About Our Family · Gardening & Urban Farming

Let Me Introduce You… To The Gardens

Since I have been speaking about how our gardens influenced my lifestyle change, I should probably show you around!  One of my absolute favorite parts of the day is watering everything and seeing the growth from each day.

We have two wooden raised beds with trellises that were here when we purchased the home.  Then there is a small plot by the garage that Jason starting digging up the day we moved in.  It used to be grass and it was pointless and awkward to imagine mowing this small area surrounded by pathways.  Then we have 3 identical cement block raised beds that Jason started building last year and completed 2 this spring to start the season, and the 3rd in June to continue growth.

I did not take pictures of the herb pots or the strawberry bed.  The yield on the strawberries was magnificent the first two years, but unfortunately most of the plants dried up this year.  We are discussing whether to replant new strawberries next year, or fill the long and narrow bed with flowers.

Since we have such a variety in beds, and the space to do so, we are using them to experiment with a variety of vegetables.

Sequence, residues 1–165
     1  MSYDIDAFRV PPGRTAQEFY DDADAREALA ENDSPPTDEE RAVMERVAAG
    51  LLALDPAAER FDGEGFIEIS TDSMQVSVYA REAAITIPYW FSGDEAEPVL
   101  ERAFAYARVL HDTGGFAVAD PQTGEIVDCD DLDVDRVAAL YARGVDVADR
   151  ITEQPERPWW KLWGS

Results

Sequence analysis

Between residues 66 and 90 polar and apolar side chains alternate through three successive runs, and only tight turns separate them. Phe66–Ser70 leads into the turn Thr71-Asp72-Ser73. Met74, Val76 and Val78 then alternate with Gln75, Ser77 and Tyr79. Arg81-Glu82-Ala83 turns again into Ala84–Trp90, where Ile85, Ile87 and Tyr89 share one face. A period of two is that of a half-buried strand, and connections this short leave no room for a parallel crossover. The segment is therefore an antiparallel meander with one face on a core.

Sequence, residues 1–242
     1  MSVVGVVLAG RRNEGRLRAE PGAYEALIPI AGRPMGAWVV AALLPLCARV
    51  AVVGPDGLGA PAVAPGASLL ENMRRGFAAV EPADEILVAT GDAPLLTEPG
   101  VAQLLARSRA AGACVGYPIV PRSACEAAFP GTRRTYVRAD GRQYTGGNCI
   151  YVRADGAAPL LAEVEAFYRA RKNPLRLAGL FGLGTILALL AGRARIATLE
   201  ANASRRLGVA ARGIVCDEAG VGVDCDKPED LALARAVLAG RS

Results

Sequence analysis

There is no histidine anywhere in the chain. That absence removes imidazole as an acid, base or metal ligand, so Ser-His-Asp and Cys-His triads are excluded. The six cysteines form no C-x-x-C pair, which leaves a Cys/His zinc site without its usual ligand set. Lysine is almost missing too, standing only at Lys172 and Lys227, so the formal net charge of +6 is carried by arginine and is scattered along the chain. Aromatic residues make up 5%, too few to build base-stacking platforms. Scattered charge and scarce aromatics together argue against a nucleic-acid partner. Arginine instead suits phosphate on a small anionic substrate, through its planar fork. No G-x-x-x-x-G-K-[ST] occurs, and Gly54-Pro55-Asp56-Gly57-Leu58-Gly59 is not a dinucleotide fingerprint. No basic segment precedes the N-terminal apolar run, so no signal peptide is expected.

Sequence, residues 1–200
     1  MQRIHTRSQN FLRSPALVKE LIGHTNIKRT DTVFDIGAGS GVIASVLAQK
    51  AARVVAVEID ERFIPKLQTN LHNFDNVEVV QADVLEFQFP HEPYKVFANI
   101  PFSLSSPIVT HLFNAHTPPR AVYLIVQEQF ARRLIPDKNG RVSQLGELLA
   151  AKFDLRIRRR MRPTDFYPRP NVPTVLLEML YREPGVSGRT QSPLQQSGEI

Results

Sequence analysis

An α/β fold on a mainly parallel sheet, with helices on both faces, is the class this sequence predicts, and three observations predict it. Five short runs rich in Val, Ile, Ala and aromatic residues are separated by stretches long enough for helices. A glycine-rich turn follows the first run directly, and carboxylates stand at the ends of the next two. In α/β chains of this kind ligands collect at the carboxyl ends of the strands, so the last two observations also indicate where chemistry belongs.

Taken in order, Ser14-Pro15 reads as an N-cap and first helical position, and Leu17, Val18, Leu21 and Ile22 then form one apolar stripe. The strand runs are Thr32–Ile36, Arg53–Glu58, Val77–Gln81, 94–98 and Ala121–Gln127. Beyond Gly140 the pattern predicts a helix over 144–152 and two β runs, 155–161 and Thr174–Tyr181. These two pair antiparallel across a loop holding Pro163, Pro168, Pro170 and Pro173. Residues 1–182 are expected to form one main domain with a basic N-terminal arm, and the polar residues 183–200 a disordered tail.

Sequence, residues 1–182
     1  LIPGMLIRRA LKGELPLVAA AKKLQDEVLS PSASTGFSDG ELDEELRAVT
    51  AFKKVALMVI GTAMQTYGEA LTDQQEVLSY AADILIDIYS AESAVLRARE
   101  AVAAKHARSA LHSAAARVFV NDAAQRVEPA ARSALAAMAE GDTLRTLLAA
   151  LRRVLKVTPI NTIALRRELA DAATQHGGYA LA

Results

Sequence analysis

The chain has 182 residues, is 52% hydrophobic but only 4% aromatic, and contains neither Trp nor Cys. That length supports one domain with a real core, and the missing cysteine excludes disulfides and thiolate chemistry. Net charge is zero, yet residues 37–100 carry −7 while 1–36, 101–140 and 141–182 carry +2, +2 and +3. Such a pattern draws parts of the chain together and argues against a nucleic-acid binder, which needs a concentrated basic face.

The first wooden raised bed.  We have always done tomatoes in these beds.  In previous years, we did Romas, but have always been overrun by them.  This year we tried 3 Heirloom varietals: Purple Prince (because PRINCE), Yellow Plum, and Beefsteak.  The Purple Prince will be a deep red, nearly purple, medium sized tomato.  The Yellow Plum will be similarily sized to a grape tomato.  The good ol’ Beefsteak is the large and meaty tomato that slices great for sandwiches.  There are a total of 6 tomato plants between the two beds.

The green beans are on the trellis behind this first set of tomatoes.  These plants are the original beans we started with 3 seasons ago, as Jason harvests and dries some at the end of the season to replant in the spring.  They’ve worked beautifully for us each year.

Don’t judge my weeding in this picture!  This is two days growth of this awful plant that has always invaded our tomatoes.  I’ve found it easiest to wait a few days because it grows so quickly and I can pull some big suckers out.

The second tomato bed.  The kids like to attack my little white critter fences, isn’t that sweet?  (Cue sarcastic eye-roll).  There is one lone pea plant hidden behind there.  Peas have always produced for us, but they were a woeful failure this year.  Jason has planted 3 separate varieties on 3 separate occasions, and they just would not sprout this year.  We’ve been suffering drought-like conditions with lots of dry heat, and so I think there just wasn’t the opportunity for them to grow.

Speaking of no rain – we got our first downpour in nearly a MONTH this morning – woohoo!  My poor empty rain barrels are overflowing again!